The memorial to Admundsen, Ny Alesund, Spitzbergen

The memorial to Admundsen, Ny Alesund, Spitzbergen

Many expeditions set out from Ny Alesund, for example the tower for mooring Nobile’s dirigible, in which he flew over the North Pole in the 20’s, is still there, about half a mile from the dock. We tied up next to a very interesting fellow, Hans, who had built his own steel sailboat which he charters each summer to scientists going further north. The same length as Fiona, she weighed 50% more- the bottom and bow were made of steel plate over an inch thick. I asked how far north he had sailed and he replied 83o N in a good year, this must be a record for a yacht; only 420 miles from the pole. One afternoon as John and I walked into the village an Arctic fox raised havoc among the nesting terns by searching for eggs. Ultimately it found one despite the distracting attacks by the terns and then scampered away.

in a snow shower, Ny Alesund, Spitzbergen

in a snow shower, Ny Alesund, Spitzbergen

After a couple of days we sailed down the scenic Forelandsundet, a spectacular 90 mile journey past high mountains and wide glaciers to Longyearbyen , the capital of Svalbard. This too, was a coal mining village and overhead cables and supports dot the rugged terrain. Although the population is under 2,000 the village boasts “the second best restaurant in Norway”, to quote a guidebook. Doug felt a trip there for the crew after all our hardships ought to be his treat and so one evening off we trooped. The room was impressive: gleaming glasses and plates on snowy table cloths, each setting had four knives and forks, not counting the little fork for desert. Now it has always been my maxim that the bill is proportional (not necessarily linearly) to the number of forks, in the past I have steered the guys away from places with only two forks. Four forks would be a new point on the curve. The meal was indeed sumptuous, the wine list ran to about six pages. The waitress was disappointed we only ordered one bottle, as each course appeared she suggested the appropriate bottle, which we declined. Doug did pay the bill, for which we thanked him. It was in the stratosphere. On the day we arrived as we walked past the police station on the way into town we noticed the police unloading three dead polar bears from a trailer. Apparently they consisted of a mother and two two-year old cubs. The mother was shot by a Polish scientist at a base out of town when it destroyed some equipment. The police shot the cubs, which appeared fully grown to me, as a precaution based on past experience. It was tragic to see these wonderful animals lying supine and bloodied. Alcoholism must be a problem in these northern communities, we discovered residents are rationed as to how much they can buy and they are given a ration card. Unfortunately visitors don’t get a ration, we had hoped to add a couple of cases of beer to our dwindling stock. Fortunately Hans showed up and when he learned of our plight, got himself a card (he resides permanently in Svalbard) and went with me to a store to get a case. One evening we went to a pub in town for a quiet drink before returning to the boat. When the owner heard our accents he insisted on setting up tots of vodka on the house, to be downed in one gulp, Russian style. After the fifth round we staggered home in the light of midnight sun. While in Ny Alesund I had called my ship’s wife, Red, in Bellport on the phone and asked him to mail a new water pump for the engine to my English friend Derek who is planning to join FIONA at the end of August. Since Jan Mayen it had been necessary to add fresh water to the system whenever we ran the engine, but I felt we could live with that for a few weeks. This turned out to be a miscalculation. Shortly after we left Svalbard, while still under power, there was a loud shriek from the engine room followed by the now familiar clamor of the smoke detector. This time it really had detected smoke- the pump had seized up solid and the slipping fan belt had caught fire. Our destination was the Lofoten Islands about 600 miles to the south, but still above the Arctic Circle. After I removed the pump it was clearly past fixing on board- broken ball bearings fell into my hand as I pulled it apart. Thus we decided to head for Bodo (pronounced Buddha), a fairly large town just south of the Lofotens. One problem was that without the engine we had no way of keeping the batteries charged, so we instituted rigorous electrical economy, no heater and only one side of a tape at happy hour. As we sailed south Murphy struck again: the jib fairlead came loose, the sheet chaffed on the after turning block and broke. The subsequent flogging of the jib caused the roller furler foils to separate and the jib got ripped. This left us with only the main and staysail as a means of propulsion.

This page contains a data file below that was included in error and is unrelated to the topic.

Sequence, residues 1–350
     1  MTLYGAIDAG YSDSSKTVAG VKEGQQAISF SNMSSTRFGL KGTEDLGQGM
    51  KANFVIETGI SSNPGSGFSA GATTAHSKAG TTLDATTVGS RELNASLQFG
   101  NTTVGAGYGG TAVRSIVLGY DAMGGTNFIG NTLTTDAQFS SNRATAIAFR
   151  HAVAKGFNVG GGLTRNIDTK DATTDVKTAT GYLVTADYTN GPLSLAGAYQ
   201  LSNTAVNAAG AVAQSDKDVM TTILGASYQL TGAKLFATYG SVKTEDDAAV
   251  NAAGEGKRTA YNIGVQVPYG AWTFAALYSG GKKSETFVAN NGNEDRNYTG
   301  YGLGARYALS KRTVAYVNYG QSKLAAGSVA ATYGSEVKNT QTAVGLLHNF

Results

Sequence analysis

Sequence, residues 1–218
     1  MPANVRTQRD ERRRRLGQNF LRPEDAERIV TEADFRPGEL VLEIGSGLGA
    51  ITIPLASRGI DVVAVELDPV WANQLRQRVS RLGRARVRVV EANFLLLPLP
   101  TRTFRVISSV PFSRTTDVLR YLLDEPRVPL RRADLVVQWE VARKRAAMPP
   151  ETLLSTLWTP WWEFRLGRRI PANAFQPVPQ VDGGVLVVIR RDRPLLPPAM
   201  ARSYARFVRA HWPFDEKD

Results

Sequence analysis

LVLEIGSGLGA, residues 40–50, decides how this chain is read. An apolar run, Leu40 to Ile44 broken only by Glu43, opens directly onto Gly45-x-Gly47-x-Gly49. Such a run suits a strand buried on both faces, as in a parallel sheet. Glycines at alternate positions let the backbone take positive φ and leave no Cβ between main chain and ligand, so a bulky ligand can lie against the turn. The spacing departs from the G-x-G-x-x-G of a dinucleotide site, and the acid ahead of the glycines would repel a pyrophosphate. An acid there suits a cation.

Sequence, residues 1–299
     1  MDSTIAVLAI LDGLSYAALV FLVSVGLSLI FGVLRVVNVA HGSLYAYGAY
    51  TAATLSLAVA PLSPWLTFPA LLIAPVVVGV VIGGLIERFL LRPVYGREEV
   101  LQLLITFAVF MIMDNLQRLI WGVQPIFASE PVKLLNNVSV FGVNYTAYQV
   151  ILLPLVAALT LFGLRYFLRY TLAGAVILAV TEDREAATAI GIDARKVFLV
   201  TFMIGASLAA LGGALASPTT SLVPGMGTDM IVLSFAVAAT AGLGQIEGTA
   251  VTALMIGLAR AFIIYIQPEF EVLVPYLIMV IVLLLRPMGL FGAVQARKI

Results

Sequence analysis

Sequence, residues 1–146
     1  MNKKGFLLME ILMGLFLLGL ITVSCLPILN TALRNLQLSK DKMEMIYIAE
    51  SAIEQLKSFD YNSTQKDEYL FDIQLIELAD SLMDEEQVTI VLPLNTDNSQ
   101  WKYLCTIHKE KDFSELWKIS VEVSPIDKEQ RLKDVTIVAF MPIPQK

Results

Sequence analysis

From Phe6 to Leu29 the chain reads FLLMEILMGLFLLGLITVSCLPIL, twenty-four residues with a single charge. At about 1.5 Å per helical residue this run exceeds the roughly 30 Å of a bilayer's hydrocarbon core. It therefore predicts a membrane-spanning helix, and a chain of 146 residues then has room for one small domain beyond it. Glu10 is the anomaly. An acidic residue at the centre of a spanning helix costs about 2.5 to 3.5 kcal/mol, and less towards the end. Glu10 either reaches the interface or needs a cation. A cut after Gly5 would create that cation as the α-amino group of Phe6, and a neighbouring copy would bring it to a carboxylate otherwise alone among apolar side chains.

A spare bilge pump in the pail cools the diesel engine

A spare bilge pump in the pail cools the diesel engine